Why urban greening isn’t a panacea for extreme weather under climate change
Urban greening is often touted as a way to tackle both heatwaves and floods in cities. This includes through green roofs, living walls, vegetated urban spaces, private and community gardens, habitat corridors, bushland and parks.
But our latest research shows that, for most cities worldwide, urban greening can either subdue floods or mitigate heat. It generally cannot do both in one city.
As the climate changes, cities around the world are enduring both heatwaves and floods more frequently. Perth, for example, sweltered through a record-breaking heatwave last month, with six days in a row over 40℃. A few months earlier, Perth recorded its wettest July in decades, with 18 straight days of rain.
Our findings ensure we can plan urban greening projects more effectively to suit cities. So let’s take a closer look at these findings, and the benefits Australia can derive from urban greening.
What we found
Temperatures in cities are often several degrees higher than rural areas, due to the “urban heat island” effect, where the predominance of concrete and steel absorb and retain heat, and there is a lack of cooling by water evaporating from plants.
These same heat-intensifying features are also often responsible for flash flooding in cities, as sealed surfaces can’t act like a sponge to soak up and store rain, unlike the soil they’ve replaced.
To find out whether the benefits of urban greening on cooling and flood prevention hold true, we analysed global climate models and weather information from 175 cities around the world spanning 15 years of daily observations, from 2000 to 2015.
Our results, published in the journal Nature Communications, show the greatest cooling potential occurs where abundant rainwater is available for plants to transpire (release water vapour during photosynthesis). This is common for cities around the Equator and in much of northern Europe.
The cooling potential of urban greening varies with the seasons – it’s more effective if periods of higher rainfall coincide with summer.
In contrast, the greatest potential for water retention by soils, which is crucial for flood prevention, occurs in drier areas where there’s plenty of energy from sunshine, but rainfall is more limited. These areas are common in North Africa, Australia and the Middle East.
Such areas have higher average water retention in the long term, and its potential varies less from season to season. This is because large rainfall events that exceed the storage capacity of the soils and result in water runoff are less common.
What do the findings mean for Australia?
While our findings suggest urban greening can’t reduce both flooding and heat in many, if not most, of the world’s cities, parts of southeast Australia are among the rare exceptions. This includes parts of Melbourne and Hobart.
Melbourne, for example, can endure urban heat island-induced temperature increases of 3℃. City greening initiatives are an important way to mitigate this heat.
On the other hand, Canberra, Adelaide, Perth and Brisbane are “water-limited”, which means urban greening is ineffective at reducing the urban heat island effect. However, because much of Australia has a relatively dry climate which is good for water retention, large-scale urban greening initiatives can help reduce flash flooding in these cities.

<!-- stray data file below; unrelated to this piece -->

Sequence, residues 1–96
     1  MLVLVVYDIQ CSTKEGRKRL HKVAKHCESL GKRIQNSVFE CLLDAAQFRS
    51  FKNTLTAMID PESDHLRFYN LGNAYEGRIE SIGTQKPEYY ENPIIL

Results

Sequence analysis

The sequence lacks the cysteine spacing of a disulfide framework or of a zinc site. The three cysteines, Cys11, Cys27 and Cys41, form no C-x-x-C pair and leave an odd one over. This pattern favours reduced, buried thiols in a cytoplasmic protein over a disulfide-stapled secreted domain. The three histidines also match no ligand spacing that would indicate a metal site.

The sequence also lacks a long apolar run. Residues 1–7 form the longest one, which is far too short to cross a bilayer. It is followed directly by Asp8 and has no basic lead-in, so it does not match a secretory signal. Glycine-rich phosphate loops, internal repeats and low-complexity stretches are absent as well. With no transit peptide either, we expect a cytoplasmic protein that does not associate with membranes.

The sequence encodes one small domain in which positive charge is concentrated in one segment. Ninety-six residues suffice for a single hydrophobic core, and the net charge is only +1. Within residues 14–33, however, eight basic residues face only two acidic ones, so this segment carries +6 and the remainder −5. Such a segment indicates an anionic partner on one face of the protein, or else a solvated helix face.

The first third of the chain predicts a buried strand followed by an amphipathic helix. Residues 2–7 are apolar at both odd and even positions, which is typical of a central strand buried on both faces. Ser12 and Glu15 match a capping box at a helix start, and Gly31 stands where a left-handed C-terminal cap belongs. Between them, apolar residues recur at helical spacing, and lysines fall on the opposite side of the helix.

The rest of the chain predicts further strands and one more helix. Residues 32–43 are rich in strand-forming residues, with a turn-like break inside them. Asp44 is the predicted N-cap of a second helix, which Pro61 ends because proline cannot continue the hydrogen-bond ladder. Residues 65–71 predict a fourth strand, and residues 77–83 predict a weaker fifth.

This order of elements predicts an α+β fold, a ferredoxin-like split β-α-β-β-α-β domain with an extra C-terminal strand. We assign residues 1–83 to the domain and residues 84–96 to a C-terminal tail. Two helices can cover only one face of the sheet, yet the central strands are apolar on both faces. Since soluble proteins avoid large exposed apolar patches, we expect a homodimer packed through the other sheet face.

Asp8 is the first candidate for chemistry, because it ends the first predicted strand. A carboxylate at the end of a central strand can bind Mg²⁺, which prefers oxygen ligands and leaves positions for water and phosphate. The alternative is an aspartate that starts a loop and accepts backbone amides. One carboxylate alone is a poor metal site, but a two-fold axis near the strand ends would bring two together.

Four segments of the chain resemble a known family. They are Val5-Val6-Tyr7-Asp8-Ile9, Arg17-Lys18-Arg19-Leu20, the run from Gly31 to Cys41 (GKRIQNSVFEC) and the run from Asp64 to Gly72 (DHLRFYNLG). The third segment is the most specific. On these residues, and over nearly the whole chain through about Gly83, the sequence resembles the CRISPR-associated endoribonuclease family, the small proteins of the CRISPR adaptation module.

For example, Brisbane has lots of sunshine in summer, providing ample energy for evaporation, which often exceeds the amount of available summer rains.
Darwin is Australia’s only state capital that, according to our modelling, would not derive strong stormwater or cooling benefits from urban greening.
This is because Darwin is in an area that transitions between the arid Australian interior and the more humid tropical climates to the north. It doesn’t benefit from the high cooling or water retention performance that comes with either extreme.
Where to from here?
While it seems we can’t assume urban greening can mitigate cooling and flooding at the same time, it’s still an excellent strategy to address either in many places.
Urban greening also has other positive benefits – it provides habitat, filters air and has demonstrable effects on people’s well-being.
However, there are important cost-benefits of these kinds of schemes to consider, both environmentally and economically.
Urban spaces are expensive, and many greening strategies require more complex engineering than traditional buildings. Also, the cooling benefits can only be significant in some areas if irrigation is used, and this is impossible to do sustainably in many parts of the world.
Policymakers worldwide can use our results as a first-pass guide for more local feasibility studies on urban greening. While it’s a crucial planning and climate change adaptation tool, urban greening has to be understood within specific local conditions – one size does not fit all.
Councils, governments, planners and developers need to be fully aware of the benefits and pitfalls before embarking on urban greening projects.
Mark O. Cuthbert, Principal Research Fellow & Reader, Cardiff University; Denis O’Carroll, Professor & Managing Director, UNSW Water Research Laboratory, UNSW Sydney, and Gabriel C Rau, Assistant Professor, Institute of Applied Geosciences, Karlsruhe Institute of Technology
This article is republished from The Conversation under a Creative Commons license. Read the original article.
Main photo by michal dziekonski on Unsplash